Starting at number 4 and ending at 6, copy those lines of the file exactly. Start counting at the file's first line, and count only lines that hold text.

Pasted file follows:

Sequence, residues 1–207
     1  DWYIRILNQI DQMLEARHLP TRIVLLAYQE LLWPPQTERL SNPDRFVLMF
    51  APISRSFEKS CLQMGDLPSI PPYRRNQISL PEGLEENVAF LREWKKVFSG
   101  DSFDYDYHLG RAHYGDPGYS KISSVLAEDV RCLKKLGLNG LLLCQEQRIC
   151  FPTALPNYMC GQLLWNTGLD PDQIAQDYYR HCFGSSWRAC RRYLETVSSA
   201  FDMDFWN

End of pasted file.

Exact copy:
   101  DSFDYDYHLG RAHYGDPGYS KISSVLAEDV RCLKKLGLNG LLLCQEQRIC
   151  FPTALPNYMC GQLLWNTGLD PDQIAQDYYR HCFGSSWRAC RRYLETVSSA
   201  FDMDFWN